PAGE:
I do wish the hospitals would stop importing nurses to help with the shortage, and start looking at what they can do in this country to fix the obviously broken system. Good luck to you! All us hopefulls need it!
  10. by   Jules A
    Quote from anne74
    And why? Because univerisities require instructors to have at least a master's, and then ideally pursuing their PhD.
    If we really want to help the nursing shortage, we need to put money into paying teachers. That's where the shortage starts.
    Anne, you hit the nail on the head. My school had numbers similar to yours and while I'm sure not all 400 applicants were qualified surely more than 40 were! The other thing that goes on here is that the schools encourage students to repeat pre-req classes in an attempt to get their gpa higher. Personally I think that is a crock and a rip off but many people go for it. Maybe its different because I don't get grant money for school but no way was I taking the same class over. It seems to me like the school is making money on the fact that they don't have enough instructors.
  11. by   cad4296
    Quote from Jules A
    The other thing that goes on here is that the schools encourage students to repeat pre-req classes in an attempt to get their gpa higher. Personally I think that is a crock and a rip off but many people go for it. Maybe its different because I don't get grant money for school but no way was I taking the same class over. It seems to me like the school is making money on the fact that they don't have enough instructors.
    YES Jule this discourages me the most! I'm an A/B student, but not a straight A one. I work 2 jobs, one full time, one part time on top of taking a full load of courses (5 classes this semester) so sometimes I do have to dedicate more time to one class and maybe settle for a B in a less important one (like history that I'm going to memorize and forget) I pay for school completely out of pocket because I work therefore "make too much money for finacial aid" yet if I didn't work I wouldn't eat! I barely make it as it is, I definately can't afford to retake a class for a B! I also pay out of district fees because there isn't a college in my district. It's very depressing to think of it all but what can you do?
  12. by   Jules A
    Quote from cad4296
    YES Jule this discourages me the most! I'm an A/B student, but not a straight A one. I work 2 jobs, one full time, one part time on top of taking a full load of courses (5 classes this semester) so sometimes I do have to dedicate more time to one class and maybe settle for a B in a less important one (like history that I'm going to memorize and forget) I pay for school completely out of pocket because I work therefore "make too much money for finacial aid" yet if I didn't work I wouldn't eat! I barely make it as it is, I definately can't afford to retake a class for a B! I also pay out of district fees because there isn't a college in my district. It's very depressing to think of it all but what can you do?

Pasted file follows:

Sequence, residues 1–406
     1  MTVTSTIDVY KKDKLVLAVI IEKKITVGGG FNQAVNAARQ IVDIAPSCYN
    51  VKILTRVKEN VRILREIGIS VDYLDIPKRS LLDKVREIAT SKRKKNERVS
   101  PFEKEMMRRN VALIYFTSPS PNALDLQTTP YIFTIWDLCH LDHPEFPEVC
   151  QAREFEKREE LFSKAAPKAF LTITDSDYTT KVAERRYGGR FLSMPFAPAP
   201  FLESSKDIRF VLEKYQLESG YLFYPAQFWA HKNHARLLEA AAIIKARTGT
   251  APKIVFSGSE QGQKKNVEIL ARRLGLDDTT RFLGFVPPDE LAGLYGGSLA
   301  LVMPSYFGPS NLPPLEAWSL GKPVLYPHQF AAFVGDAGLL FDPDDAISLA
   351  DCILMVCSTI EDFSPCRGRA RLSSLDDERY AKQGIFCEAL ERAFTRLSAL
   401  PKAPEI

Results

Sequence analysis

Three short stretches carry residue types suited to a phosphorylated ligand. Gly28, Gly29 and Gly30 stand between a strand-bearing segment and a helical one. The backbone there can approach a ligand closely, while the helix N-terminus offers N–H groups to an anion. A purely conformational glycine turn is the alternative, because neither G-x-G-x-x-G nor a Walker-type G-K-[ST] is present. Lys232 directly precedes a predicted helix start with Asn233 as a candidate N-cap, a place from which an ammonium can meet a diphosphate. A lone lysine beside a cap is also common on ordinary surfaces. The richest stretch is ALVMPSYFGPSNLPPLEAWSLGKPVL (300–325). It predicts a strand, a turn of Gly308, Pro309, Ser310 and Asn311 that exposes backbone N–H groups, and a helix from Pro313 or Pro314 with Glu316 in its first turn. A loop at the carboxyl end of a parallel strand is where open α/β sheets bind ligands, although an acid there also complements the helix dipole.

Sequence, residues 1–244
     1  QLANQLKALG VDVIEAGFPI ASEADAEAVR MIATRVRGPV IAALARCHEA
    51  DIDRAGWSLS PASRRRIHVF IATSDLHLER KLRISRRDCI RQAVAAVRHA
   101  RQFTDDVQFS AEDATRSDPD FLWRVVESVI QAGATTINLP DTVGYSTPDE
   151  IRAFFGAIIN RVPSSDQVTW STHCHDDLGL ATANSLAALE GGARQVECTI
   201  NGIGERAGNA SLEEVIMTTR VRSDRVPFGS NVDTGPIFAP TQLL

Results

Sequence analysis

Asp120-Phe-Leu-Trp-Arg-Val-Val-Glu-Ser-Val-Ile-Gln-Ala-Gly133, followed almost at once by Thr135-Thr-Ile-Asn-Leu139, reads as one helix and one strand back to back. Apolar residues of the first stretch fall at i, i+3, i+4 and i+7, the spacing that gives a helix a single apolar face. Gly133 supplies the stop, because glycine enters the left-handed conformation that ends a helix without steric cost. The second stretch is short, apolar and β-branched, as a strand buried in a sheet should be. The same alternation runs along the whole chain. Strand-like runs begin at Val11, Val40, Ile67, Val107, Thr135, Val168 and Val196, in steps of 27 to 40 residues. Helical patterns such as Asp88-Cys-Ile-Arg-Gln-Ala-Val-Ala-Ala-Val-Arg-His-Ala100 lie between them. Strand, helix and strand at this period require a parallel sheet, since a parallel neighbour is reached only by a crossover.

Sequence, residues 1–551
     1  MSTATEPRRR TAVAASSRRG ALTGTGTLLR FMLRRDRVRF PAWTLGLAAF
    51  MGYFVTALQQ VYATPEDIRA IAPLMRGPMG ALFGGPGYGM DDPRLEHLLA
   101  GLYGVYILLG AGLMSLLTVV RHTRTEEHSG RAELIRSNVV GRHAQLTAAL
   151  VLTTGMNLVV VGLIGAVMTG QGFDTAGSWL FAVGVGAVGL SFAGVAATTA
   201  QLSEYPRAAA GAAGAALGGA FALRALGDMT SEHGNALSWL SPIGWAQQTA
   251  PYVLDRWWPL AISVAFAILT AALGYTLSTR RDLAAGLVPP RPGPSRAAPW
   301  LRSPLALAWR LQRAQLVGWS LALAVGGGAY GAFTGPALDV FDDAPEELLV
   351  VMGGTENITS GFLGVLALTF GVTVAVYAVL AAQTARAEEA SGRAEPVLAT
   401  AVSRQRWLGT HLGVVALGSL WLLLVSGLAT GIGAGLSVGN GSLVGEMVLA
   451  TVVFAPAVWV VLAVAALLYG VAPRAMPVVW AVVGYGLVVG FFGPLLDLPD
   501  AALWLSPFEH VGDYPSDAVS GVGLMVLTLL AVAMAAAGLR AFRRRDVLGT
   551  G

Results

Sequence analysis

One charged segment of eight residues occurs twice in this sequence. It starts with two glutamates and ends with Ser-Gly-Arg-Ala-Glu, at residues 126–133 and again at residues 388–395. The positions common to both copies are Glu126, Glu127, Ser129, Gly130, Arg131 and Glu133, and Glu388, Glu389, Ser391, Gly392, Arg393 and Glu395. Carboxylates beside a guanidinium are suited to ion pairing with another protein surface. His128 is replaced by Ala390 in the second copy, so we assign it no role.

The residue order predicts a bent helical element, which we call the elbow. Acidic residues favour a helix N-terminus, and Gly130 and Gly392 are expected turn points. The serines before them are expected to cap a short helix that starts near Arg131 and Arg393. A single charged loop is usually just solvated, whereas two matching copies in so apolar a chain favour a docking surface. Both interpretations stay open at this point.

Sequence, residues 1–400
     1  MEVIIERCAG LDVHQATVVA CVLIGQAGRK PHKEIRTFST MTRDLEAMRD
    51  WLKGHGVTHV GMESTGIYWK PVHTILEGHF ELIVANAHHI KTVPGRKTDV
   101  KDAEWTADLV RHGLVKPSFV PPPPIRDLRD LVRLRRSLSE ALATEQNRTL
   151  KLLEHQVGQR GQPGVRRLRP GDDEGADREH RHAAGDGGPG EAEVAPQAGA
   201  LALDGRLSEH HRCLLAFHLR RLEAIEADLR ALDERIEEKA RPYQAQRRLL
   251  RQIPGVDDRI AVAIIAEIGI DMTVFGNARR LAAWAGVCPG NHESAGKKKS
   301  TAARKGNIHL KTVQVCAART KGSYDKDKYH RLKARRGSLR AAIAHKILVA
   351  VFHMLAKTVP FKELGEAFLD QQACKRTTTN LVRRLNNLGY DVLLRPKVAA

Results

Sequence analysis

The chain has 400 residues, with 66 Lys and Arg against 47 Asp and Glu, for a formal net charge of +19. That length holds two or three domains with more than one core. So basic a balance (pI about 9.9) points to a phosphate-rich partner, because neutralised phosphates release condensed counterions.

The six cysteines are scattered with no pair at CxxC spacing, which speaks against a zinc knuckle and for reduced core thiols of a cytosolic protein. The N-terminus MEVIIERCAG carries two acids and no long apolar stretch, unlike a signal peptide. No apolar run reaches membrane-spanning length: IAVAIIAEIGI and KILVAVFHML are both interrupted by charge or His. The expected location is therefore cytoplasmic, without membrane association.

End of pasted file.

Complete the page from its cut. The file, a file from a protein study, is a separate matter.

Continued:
I agree 100% and wouldn't take a class over for a B that is for sure. Around here the universities are actually easier to get into for the BSN than the community colleges so if you can't get into a community college you may want to look into a 4 year program. Even though it would cost more and take longer if it is your only option I would consider it. The only other thing that you might want to think about is lightening your load. Sheesh 5 courses would have me in Bs and Cs for sure! If you are only taking 1 to 2 prereqs each semester I'd bet you'll have that A average. Good luck, Jules
  13. by   ckben
    Where I live (Texas), nursing schools seem to be pretty easy to get into, so long as you have the pre-reqs. I haven't heard anybody say they couldn't get in because there wasn't enough space. Of course, that doesn't help if you live in California, but when I applied to nursing school 5 years ago, we heard horror stories about waiting lists in other places. So, if a move would be possible, you might consider it temporarily until after graduation. Otherwise, I guess waiting is the only option...
  14. by   LuvMyGamecocks
    I'm in an ADN program, haven't started clinicals yet. Why? The waiting list to start clinicals is....get this....

    SPRING 2010!!!

    No joke. It's really that long. The kicker? Science classes expire after 5 years.

    There is a special "Merit Admissions" program to apply for each Fall that gets funding from the state legislature to provide an extra 40 students in the next summer and 40 in the next fall. But, the school has to apply for the funding every year...it's not a guaranteed thing to count on year after year.

    So? I'm applying for Merit Admissions this Fall and to another ADN program about 45 minutes from here....with any luck, I'll be finished with school before my kindergartener is!!